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Wherein I Tell A Long-Winded Story

But you already knew that, didn't you?

Today, I'm writing a simple topic with a simple answer.

"Does the kind of martial arts you see with lots of flips and stuff that wins major competitions actually stand up on it's own?"

Answer: No the fuck it doesn't.

Seriously, if I see another video proclaiming someone to be a phenomenal martial artist because he can backflip in place or free-run off the side of a building or run up a wall and do a backflip, I will eat my face off. Flips and fancy footwork are all well and good, but I'll tell you a bit of a story.

During the interim summer between my senior year of high school and college, I finished my training in Tae Kwon Do to test for my blue belt. I studied under a 2nd Degree black belt and would be tested by my Master later on that week. I got a lot of personal time in during weekdays because no one would show up but me at lunch time. Master Kaida, a 6th degree and the dojo master, would train me and we'd work on fundamental stuff.

-How to stand correctly so you couldn't be pushed over.
-How to pivot and move to deliver a mass of momentum behind every blow you throw.
-How to ensure that you can find someone's weakness quickly.
-How to make your own defense rock-solid so that you can keep going no matter the amount of punishment you can take.

After one particular session, I asked him while cleaning myself up that very question at the top. He looked at me, grinned, and said, "I'll counter with a question of my own. Tell me, how accurate do you think you can really be with a kick if your head is upside-down and backwards when you throw it?" The man had a valid point, but continued.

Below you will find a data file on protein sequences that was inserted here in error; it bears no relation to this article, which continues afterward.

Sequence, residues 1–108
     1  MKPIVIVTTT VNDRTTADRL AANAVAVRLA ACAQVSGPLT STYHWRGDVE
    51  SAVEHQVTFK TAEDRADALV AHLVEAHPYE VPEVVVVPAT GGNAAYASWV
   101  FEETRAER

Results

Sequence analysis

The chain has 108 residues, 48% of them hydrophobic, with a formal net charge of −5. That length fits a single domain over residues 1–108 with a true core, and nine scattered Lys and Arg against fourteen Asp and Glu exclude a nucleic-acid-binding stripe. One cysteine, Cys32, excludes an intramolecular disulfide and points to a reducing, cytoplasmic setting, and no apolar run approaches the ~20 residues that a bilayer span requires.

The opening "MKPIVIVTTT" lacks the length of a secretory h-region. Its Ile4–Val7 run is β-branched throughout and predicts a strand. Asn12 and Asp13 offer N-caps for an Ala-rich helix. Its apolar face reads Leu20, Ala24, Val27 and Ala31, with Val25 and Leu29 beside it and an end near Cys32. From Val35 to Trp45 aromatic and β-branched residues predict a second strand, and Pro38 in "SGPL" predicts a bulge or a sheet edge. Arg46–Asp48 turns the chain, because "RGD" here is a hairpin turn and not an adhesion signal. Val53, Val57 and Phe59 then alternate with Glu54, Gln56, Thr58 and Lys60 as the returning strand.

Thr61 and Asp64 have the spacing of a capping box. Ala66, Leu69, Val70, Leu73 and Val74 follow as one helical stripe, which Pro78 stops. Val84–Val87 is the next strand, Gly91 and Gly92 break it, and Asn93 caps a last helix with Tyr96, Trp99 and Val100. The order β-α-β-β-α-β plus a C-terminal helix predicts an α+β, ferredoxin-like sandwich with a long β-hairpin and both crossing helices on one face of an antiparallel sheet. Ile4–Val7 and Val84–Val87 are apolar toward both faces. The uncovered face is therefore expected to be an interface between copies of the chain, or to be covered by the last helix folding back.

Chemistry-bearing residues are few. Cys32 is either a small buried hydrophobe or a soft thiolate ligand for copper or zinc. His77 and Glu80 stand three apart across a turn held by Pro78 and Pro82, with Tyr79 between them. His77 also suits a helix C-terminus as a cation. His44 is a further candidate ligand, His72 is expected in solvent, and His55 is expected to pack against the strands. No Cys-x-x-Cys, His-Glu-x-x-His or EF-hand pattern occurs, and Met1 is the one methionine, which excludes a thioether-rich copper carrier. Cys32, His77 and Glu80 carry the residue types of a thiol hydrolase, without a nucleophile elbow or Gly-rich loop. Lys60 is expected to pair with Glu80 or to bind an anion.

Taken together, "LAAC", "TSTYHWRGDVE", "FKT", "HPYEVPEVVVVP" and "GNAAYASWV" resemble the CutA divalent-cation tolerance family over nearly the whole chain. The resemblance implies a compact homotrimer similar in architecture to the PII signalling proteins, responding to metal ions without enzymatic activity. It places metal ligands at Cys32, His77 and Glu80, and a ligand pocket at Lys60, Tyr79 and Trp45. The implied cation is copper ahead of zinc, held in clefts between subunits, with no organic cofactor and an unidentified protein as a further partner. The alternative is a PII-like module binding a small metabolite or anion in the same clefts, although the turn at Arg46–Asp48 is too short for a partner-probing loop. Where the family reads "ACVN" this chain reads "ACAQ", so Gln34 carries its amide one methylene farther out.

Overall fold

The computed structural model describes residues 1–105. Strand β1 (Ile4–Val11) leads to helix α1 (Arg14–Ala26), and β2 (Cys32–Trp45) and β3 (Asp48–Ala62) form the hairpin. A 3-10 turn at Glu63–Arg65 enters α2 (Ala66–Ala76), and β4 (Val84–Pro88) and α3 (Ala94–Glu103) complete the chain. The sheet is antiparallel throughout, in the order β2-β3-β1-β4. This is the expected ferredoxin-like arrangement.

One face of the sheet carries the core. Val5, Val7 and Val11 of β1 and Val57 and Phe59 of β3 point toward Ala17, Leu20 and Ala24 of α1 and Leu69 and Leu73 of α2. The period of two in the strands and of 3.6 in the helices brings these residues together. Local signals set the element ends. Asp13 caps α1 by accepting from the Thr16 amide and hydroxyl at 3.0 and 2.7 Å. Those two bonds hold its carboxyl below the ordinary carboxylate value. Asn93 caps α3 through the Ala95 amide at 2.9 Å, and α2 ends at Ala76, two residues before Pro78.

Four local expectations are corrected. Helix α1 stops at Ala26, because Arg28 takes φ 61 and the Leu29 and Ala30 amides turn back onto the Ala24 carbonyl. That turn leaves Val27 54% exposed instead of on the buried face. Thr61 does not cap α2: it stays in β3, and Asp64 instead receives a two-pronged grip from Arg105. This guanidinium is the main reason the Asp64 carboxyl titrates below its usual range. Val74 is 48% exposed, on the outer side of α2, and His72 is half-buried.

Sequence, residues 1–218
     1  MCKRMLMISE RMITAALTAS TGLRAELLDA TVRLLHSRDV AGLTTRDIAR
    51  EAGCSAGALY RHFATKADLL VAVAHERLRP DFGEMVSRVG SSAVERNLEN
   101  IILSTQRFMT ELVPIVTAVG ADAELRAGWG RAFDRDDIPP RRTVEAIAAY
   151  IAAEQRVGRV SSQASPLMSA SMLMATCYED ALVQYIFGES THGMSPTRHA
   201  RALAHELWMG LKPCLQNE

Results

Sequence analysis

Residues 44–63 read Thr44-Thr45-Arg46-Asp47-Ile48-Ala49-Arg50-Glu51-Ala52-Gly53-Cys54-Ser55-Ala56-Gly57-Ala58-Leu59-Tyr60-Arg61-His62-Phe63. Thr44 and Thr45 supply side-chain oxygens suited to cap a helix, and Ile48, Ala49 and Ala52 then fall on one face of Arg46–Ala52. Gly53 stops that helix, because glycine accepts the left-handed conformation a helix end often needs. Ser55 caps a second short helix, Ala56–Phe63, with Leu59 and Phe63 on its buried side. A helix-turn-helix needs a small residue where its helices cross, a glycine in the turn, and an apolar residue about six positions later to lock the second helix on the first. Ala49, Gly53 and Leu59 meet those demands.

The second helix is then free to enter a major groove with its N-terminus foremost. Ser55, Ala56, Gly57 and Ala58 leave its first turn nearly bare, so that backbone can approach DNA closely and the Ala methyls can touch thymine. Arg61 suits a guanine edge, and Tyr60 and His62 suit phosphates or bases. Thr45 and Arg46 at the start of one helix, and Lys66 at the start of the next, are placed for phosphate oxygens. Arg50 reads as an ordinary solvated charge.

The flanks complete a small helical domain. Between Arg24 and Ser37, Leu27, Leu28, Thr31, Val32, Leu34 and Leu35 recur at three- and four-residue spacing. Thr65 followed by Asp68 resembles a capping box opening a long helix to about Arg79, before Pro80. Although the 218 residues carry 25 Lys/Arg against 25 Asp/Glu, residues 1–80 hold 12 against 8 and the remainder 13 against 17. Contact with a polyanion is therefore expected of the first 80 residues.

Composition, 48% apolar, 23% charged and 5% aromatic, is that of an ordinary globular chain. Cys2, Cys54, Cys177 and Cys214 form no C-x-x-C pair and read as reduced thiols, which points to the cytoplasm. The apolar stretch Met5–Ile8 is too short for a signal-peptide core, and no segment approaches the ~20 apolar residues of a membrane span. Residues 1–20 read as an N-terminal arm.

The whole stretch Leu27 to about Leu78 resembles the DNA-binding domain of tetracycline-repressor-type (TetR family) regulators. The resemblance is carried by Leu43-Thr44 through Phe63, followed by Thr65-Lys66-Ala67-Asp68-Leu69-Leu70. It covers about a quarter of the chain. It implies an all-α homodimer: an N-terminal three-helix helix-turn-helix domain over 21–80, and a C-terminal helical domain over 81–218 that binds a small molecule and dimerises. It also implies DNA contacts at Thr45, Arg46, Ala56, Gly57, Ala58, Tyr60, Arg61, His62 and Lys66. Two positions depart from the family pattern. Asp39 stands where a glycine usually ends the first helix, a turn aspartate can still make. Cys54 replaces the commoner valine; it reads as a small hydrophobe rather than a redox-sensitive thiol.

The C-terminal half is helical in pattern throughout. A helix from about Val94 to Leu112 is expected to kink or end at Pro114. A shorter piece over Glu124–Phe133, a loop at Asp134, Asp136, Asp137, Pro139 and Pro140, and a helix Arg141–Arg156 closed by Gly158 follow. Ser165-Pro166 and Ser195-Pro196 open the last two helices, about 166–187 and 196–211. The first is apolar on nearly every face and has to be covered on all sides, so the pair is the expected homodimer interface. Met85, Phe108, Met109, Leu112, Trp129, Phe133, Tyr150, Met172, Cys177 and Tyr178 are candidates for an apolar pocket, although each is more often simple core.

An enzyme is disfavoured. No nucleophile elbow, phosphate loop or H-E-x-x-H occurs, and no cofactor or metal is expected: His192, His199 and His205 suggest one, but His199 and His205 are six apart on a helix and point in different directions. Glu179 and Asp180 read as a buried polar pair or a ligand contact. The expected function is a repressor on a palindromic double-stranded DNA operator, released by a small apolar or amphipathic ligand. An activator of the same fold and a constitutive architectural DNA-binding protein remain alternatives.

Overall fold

"Yes, you see that kind of thing win competitions, but keep in mind that they are simply doing forms, series of moves. A true fighter keeps to his principles and defenses. He will not let the enemy have anything at all to take advantage of...but rather will force the enemy to open his own defenses to break yours. That's when you nail them."

When I sparred for my blue belt (against 2 people at the same time), I actually got the chance to see what he meant. Another member of the dojo had a chip on his shoulder about me and cheerfully volunteered to beat me into submission. As he tried to black belt his fist into my face with increasingly strange moves, I remembered what my master had taught me.

And when he least expected it, I put Mr. Flashypants on the ground with one hit to the solar plexus.

I was awarded my blue belt to great applause and a grudging acceptance from the show-off that I had trashed him soundly.

So why do I bring this up?

Never, under any circumstances, believe that just because someone is flashy or being a spectacle, that they are automatically better than you at it. Chances are, you could beat them at their own game if you tried and kept to a very very classic ideal.

"Keep It Simple, Stupid."

I rest my case. I wish I could remember more of my training, but I cannot since it was over ten years ago...

Maybe I'll look up a dojo nearby and see if it's worth it to get back in.

I know I have the inner fortitude to make it.
Viewed: 13 times
Added: 8 years, 1 month ago
8 years, 1 month ago
Wow! I had no idea you were a blue belt. Fitting, for a Blue Ranger such as yourself. ;)

The journal reminds me of a video I saw of this Russian fighting system (I forget the name, but it may have been just "the system"). Someone would come at the guy, and the fight would be over before you could even see it. It looked impossibly efficient. I'll bet one of them could take down a few dozen Wushu guys.
8 years, 1 month ago
Mmhm. Efficiency and smart fighting is what wins. Hot-bloodedness like you'd see from animes really doesn't work and, sadly enough, I saw people actually get that way during sparring. Their anger would rise and you'd think they'd start hitting harder. Thing is, all it made happen was that their attacks got wilder until a higher-degree belt put him down and told him to relax.

Onec the guy stopped hyperventilating and got his head cleared, he fought *much* more skillfully and ended up getting his belt.
8 years, 1 month ago
Simple and fluid.  That's what my Krav teacher always taught.  It takes very little to knock a man down or get out of a hold.  

I admit I felt more comfortable with Krav than my other techniques.  The others were great, but too flashy to use in the streets.
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